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Victor Urban Renewal Group LLC v. City of Camden

United States District Court, D. New Jersey

March 31, 2019

VICTOR URBAN RENEWAL GROUP LLC and DRANOFF PROPERTIES, INC., Plaintiffs,
v.
THE CITY OF CAMDEN, et al., Defendants.

          AARON RICHARD KRAUSS COZEN O'CONNOR On behalf of Plaintiff

          MICHAEL J. WATSON WILLIAM M. TAMBUSSI BROWN & CONNERY, LLP On behalf of Defendants

          OPINION

          NOEL L. HILLMAN, U.S.D.J.

         This matter concerns claims by Plaintiffs, Victor Urban Renewal Group LLC and Dranoff Properties, Inc., against the City of Camden, among others, arising out of Plaintiffs' attempt to sell The Victor Building in Camden, New Jersey. Plaintiffs allege:

Victor Urban Renewal Group LLC came into the City of Camden almost 16 years ago - long before any other major developers even considered the possibility of doing business in Camden - to redevelop The Victor Building, a blighted and long-abandoned RCA manufacturing facility on Camden's waterfront, into a thriving luxury apartment building. Despite being turned down by 49 banks, Victor Urban Renewal was able to complete the redevelopment and make The Victor Building the keystone of Camden's revival. Absent the tax exemptions granted by the City of Camden, Victor Urban Renewal would not have been able to do so. However, in a classic bait-and-switch, now that Victor Urban Renewal has signed a contract to sell The Victor Building for more than $71 million to Aimco One Market Street Urban Renewal, LLC, the City of Camden, through its officials such as Jason Asuncion and Michelle Banks-Spearman, has refused to keep up its end of the bargain and transfer the tax exemptions as it contractually promised to do.”

(Amended Complaint, Docket No. 7 at 1-2.)

         Plaintiffs claim that the City of Camden has breached its contractual obligations and has deprived Victor Urban Renewal of its property without due process of law. Plaintiffs also claim that in an effort to exert pressure on Victor Urban Renewal, the City of Camden has acted in concert with the Camden Redevelopment Agency to deny a related company - Dranoff Properties, Inc. - the benefit of its option to buy the Radio Lofts building in Camden.[1] (Id. at 2.)

         Plaintiffs filed their original complaint on June 20, 2018. Defendants filed a motion to dismiss on July 2, 2018. On July 20, 2018, Plaintiffs filed an amended complaint. Defendants renewed their motion to dismiss on August 3, 2018, and that motion is pending before the Court. In addition to challenging the sufficiency of Plaintiffs' claims under Federal Civil Procedure Rule 12(b)(6), Defendants' main basis for the dismissal of Plaintiffs' complaint is the forum selection clause in the parties' agreements. Defendants argue that the forum selection clause requires any dispute between the parties to be brought in New Jersey state court, and failing that, submitted to arbitration. On August 9, 2018, Plaintiffs filed their opposition to Defendants' motion, arguing, among other things, that the forum selection clause is permissive and not mandatory, thus causing their complaint filed in this Court to be proper.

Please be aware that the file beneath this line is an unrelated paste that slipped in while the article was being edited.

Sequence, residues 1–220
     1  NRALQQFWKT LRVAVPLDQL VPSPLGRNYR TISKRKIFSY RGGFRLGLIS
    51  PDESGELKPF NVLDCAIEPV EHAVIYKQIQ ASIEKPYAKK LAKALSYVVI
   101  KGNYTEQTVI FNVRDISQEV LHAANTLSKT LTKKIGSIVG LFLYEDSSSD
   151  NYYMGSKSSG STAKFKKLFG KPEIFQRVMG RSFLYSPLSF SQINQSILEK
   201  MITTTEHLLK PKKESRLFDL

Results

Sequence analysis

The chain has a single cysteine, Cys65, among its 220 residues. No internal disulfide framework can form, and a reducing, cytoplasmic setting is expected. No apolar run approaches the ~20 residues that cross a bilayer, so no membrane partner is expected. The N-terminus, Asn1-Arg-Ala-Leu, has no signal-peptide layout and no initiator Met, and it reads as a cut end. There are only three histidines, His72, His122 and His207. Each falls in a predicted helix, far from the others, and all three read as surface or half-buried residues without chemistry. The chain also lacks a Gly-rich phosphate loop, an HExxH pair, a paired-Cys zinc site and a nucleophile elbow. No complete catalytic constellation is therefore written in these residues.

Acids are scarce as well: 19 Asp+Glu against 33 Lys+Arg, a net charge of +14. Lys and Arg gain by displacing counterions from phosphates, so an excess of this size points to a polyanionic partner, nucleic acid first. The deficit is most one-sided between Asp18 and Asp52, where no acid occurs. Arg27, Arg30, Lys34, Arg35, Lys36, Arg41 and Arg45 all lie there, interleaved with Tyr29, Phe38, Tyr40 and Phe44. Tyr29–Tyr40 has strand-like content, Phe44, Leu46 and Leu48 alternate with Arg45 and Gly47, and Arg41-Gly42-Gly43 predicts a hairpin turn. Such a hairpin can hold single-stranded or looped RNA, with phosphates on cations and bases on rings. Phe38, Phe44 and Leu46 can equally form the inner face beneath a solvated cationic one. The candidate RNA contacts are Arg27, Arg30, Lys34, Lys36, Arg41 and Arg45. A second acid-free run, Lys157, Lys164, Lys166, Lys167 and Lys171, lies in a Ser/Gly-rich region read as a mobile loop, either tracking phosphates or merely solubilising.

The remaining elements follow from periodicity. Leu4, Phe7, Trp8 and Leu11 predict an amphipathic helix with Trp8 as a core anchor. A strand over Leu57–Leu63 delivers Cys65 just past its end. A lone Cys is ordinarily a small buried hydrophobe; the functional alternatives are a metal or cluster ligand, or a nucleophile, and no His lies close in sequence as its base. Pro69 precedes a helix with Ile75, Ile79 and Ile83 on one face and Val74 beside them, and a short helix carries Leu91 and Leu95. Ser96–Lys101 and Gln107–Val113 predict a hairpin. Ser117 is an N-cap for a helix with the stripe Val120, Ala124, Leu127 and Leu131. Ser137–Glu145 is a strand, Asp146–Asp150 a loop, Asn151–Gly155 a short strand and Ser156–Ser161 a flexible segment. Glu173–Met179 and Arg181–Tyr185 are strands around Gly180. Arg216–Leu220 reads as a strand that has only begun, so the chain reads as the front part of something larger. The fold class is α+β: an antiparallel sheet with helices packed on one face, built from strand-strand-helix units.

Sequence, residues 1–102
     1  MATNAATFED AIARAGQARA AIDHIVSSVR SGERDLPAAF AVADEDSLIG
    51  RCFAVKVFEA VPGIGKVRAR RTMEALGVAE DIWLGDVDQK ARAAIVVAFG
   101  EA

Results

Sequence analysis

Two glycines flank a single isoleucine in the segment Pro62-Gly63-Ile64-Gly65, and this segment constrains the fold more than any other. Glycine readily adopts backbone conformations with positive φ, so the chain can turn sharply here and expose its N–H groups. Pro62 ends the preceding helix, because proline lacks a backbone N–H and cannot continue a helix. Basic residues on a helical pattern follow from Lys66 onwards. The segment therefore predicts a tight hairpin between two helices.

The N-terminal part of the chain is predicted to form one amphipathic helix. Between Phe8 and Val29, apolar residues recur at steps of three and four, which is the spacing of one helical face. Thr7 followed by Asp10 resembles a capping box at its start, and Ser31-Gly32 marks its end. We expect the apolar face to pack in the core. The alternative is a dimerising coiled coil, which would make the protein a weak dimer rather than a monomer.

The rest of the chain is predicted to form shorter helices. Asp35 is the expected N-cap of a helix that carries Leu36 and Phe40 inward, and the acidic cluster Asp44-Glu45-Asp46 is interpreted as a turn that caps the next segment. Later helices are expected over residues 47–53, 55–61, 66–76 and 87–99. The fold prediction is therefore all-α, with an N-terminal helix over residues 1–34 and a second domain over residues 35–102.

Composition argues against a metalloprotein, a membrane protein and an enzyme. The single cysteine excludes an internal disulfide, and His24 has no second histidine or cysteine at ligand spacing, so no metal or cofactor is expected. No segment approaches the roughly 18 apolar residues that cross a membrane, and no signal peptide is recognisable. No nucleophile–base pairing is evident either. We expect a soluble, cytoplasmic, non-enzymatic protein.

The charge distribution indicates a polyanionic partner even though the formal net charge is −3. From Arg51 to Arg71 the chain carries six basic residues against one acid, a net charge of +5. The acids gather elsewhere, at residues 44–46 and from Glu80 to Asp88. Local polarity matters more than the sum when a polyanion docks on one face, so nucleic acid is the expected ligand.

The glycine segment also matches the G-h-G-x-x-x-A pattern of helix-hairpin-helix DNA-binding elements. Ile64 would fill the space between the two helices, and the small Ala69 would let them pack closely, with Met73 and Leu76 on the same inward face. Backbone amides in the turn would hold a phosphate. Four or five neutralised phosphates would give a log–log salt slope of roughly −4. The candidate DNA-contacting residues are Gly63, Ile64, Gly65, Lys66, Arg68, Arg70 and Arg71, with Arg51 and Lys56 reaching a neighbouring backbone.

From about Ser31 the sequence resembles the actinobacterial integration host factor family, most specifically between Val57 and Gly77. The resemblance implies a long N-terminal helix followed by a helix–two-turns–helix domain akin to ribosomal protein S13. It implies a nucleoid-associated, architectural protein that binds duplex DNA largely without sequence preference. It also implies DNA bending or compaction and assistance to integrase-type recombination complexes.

While Defendants' motion has been pending, Defendants filed a complaint against Plaintiffs in New Jersey Superior Court, Law Division, Camden County on December 10, 2018. See City of Camden, et al. vs Victor Urban Renewal, LLC, et al., Docket No. CAM-L-004612-18. On December 13, 2018, Victor Urban Renewal moved to dismiss the City of Camden's state court complaint, arguing that under the entire controversy doctrine, Camden should have filed counterclaims in this action rather than institute a separate action in New Jersey state court. The state court judge denied that motion on January 11, 2019.

         On January 22, 2019, Victor Urban Renewal filed an answer in the state court action and asserted a counterclaim complaint against the City of Camden.[2] On March 18, 2019, the state court judge ordered the case to proceed with discovery.

         This Courts sets forth the procedural history in this Court and state court because it compels the dismissal of this action for two reasons - the forum selection clause in the parties' agreement and the Younger abstention doctrine.

         1. Forum Selection Clause

         The Court must dismiss Plaintiffs' complaint pursuant to the parties' forum selection clause in their agreement because the Court is constrained to follow the New Jersey Supreme Court's interpretation of the exact same forum selection clause in an urban renewal agreement containing tax exemptions.

         The forum selection clause in the parties' agreement provides:

In the event of a breach of the within Agreement by either of the parties hereto or a dispute arising, between the parties in reference to the terms and provisions as set forth herein, either party may apply to the Superior Court of New Jersey by an appropriate proceeding, to settle and resolve said dispute in such fashion as will tend to accomplish the purpose of the Long Term Act. In the event the Superior Court shall not entertain jurisdiction, then the parties shall submit the dispute to the ...

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